Six Canadian provinces, namely, Prince Edward Island, New Brunswick, Ontario, Manitoba, Alberta and British Columbia, have passed legislation regulating franchising activities.
A key component of such laws is the requirement for all franchisors to provide each prospective franchisee, at least fourteen days prior to entering into any agreement relating to a franchise, a disclosure document (called a "Franchise Disclosure Document") containing a wide range of mandatory information required under the franchise regulation in each of those provinces.
Should the franchisor fail to provide this disclosure document, these laws and regulations entitle the franchisee to rescind the franchise agreement within two years of signing it, upon simple written notice delivered to the franchisor and without having to provide any reason for doing so.
Within sixty days of receiving a notice of rescission, the franchisor must:
- refund the franchisee for any money received from or on behalf of the franchisee, other than money paid for inventory, supplies or equipment;
- purchase from the franchisee any inventory that the franchisee purchased under the franchise agreement and remaining at the effective date of rescission, at a price equal to the purchase price paid by the franchisee;
- purchase from the franchisee any supplies and equipment that the franchisee purchased under the franchise agreement, at a price equal to the purchase price paid by the franchisee; and
- compensate the franchisee for any losses the franchisee incurred in acquiring, setting up and operating the franchise, less the amounts set out in subparagraphs (a) to (c) above.
Given these rules and the serious consequences of failing to comply with them, it is very important for any person or entity that, in or for any of these provinces, enters into any agreement in form of a distribution, concession, affiliation, licensing or buying group agreement, to closely examine whether or not the proposed agreement constitutes a "franchise" agreement under these laws. If so, it is imperative to comply with the laws and regulations governing franchising.
The act of properly determining, at the time of being drafted, whether an agreement is truly a franchise agreement is even more crucial given that such laws and regulations provide a very broad definition of what constitutes a "franchise" and, as such, many agreements that we would not normally consider a franchise agreement, may very well be one under these laws.
Section 1 of the Ontario law (Arthur Wishart (Franchise Disclosure) Act, 2000, S.O. 2000, chap. 3) defines what constitutes a franchise in Ontario as follows:
“ 'franchise' means a right to engage in a business where the franchisee is required by contract or otherwise to make a payment or continuing payments, whether direct or indirect, or a commitment to make such payment or payments, to the franchisor, or the franchisor's associate, in the course of operating the business or as a condition of acquiring the franchise or commencing operations and,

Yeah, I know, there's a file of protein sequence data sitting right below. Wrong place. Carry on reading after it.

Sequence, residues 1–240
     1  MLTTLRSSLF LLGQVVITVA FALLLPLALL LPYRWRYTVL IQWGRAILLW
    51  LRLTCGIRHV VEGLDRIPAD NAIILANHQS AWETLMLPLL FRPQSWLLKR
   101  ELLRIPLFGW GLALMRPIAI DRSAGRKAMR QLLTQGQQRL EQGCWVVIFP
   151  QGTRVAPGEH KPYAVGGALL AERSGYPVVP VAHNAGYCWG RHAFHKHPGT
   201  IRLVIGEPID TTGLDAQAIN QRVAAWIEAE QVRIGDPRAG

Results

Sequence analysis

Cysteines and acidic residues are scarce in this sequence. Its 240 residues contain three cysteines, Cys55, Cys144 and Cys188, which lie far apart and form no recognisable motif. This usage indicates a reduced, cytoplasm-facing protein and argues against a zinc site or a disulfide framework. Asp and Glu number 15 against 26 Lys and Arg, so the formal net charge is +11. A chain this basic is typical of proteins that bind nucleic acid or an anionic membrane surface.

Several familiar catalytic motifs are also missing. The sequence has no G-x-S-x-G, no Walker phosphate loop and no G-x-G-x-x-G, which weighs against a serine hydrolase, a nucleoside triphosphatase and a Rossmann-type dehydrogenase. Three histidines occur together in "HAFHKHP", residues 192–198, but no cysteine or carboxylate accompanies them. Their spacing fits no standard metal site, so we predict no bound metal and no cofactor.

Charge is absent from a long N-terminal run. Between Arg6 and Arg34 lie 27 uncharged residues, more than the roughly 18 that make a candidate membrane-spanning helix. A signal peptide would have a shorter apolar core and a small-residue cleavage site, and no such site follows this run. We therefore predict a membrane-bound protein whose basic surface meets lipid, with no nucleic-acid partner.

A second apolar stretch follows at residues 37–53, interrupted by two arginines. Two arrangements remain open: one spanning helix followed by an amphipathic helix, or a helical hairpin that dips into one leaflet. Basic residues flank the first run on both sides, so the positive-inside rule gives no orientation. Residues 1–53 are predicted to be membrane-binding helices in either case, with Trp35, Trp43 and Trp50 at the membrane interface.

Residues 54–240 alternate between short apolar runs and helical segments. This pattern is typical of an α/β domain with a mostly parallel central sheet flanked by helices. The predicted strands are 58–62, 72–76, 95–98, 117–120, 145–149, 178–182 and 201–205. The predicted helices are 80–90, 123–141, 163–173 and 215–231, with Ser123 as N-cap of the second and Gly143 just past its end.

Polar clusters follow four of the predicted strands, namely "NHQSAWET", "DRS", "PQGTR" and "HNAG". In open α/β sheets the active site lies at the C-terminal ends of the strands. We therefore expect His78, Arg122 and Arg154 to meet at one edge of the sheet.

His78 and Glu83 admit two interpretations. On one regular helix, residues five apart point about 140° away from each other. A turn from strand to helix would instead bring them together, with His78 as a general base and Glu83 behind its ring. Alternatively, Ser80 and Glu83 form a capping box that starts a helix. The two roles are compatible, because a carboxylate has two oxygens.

1. in which:
i. the franchisor grants the franchisee the right to sell, offer for sale or distribute goods or services that are substantially associated with a trade-mark, trade name, logo or advertising or other commercial symbol that is owned by or licensed to the franchisor or the franchisor's associate; and
ii. the franchisor or the franchisor's associate has the right to exercise or exercises significant control over, or has the right to provide or provides significant assistance in, the franchisee's method of operation, including building design and furnishings, locations, business organization, marketing techniques or training, or
2. in which:
i. the franchisor, or the franchisor's associate, grants the franchisee the representational or distribution rights, whether or not a trade-mark, trade name, logo or advertising or other commercial symbol is involved, to sell, offer for sale or distribute goods or services supplied by the franchisor or a supplier designated by the franchisor; and
ii. the franchisor, or the franchisor's associate, or a third person designated by the franchisor, provides location assistance, including securing retail outlets or accounts for the goods or services to be sold, offered for sale or distributed or securing locations or sites for vending machines, display racks or other product sales displays used by the franchisee; ("franchise"). ”
Nearly 20 years after the passing of this legislation, Ontario's courts are still regularly called upon to decide whether the scope of this definition extends to various types of agreements that meet some or all of the elements of this definition.
The decision rendered on August 27, 2018, by the Ontario Superior Court of Justice in Fyfe and Stephens v. Vardy (Dial A Bottle) is a good example of the difficulties resulting from this definition.
This decision focused on a simple one-page agreement under which the enterprise Dial A Bottle granted to a "distributor" an exclusive territory for a home delivery service of alcoholic beverages. In its exclusive territory, this "distributor" identified itself under the name of the business to which it added the name of its territory (e.g., "Dial A Bottle Richmond Hill").